Milton's Book of Numbers: Book 1 of Paradise Lost and Its Catalogue

Quint, David
April 2007
International Journal of the Classical Tradition;Spring2007, Vol. 13 Issue 4, p528
Academic Journal
Literary Criticism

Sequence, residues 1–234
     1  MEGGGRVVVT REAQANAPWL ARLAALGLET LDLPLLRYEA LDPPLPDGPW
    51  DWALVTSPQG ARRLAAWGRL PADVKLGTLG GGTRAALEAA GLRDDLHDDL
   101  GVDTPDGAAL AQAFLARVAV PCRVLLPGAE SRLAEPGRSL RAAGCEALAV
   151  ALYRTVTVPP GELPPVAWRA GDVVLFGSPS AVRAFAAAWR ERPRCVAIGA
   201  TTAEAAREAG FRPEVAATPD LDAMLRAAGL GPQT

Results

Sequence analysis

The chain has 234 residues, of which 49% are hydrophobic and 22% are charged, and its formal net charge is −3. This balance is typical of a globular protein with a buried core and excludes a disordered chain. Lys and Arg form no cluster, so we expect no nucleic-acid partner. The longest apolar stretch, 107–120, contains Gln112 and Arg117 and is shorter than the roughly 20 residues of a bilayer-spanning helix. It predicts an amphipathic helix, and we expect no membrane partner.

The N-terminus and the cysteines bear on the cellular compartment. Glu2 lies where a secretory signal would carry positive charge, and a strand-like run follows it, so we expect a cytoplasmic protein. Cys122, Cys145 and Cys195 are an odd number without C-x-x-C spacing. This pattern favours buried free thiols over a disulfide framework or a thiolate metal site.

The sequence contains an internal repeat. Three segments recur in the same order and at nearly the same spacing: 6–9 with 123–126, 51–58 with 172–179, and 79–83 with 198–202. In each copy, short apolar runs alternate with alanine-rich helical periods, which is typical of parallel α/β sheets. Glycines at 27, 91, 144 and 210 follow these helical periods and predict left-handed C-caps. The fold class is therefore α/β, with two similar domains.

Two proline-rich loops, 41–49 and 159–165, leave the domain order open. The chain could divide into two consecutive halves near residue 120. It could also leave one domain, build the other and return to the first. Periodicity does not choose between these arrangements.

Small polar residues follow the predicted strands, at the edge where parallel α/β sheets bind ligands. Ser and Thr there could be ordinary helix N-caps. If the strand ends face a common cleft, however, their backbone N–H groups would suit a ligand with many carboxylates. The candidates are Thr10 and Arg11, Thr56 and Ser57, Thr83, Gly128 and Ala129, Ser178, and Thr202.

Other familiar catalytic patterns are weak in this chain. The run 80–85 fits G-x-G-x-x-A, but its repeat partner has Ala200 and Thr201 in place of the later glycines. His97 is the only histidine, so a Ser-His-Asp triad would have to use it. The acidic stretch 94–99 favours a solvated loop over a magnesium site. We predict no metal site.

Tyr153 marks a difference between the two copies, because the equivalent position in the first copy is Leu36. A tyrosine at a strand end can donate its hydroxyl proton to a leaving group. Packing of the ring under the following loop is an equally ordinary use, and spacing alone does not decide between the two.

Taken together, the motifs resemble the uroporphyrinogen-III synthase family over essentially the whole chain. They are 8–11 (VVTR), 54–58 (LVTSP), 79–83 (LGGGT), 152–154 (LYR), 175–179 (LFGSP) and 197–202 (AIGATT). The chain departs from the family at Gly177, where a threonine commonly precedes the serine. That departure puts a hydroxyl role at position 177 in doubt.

The various elements of book 1 of Paradise Lost—the action that leads to the building of Pandaemonium, the geography of Hell that combines reminiscences of Biblical Sodom and Egypt together with Virgil's Carthage and Rome, the content and sequence of the similes—are organized around and symbolically unified by the catalogue of the leading devils from verses 376 to 521. Milton pointedly reverses the order of action in book 2 in the Iliad so that his catalogue precedes the calling of a council of war: it is a joke at the expense of the devils who, raised into military muster, now proceed only to talk, signaling that the epic to follow will feature a war of words and Odyssean fraud rather than a military conflict. In Pandaemonium the devils build an infernal version of the Jerusalem temple that their chiefs listed in the catalogue will later infiltrate; Milton registers his distrust of all institutionalized and localized religion. The book insistently comments upon its own act of poetic creation: the catalogue at the center both confers individual names on its devils and reduces them to nameless numbers just as the similes cut them down to size; Milton's fiction both gives and denies to the devils an identity as it meditates upon the relationship of its own poetry to idolatry.


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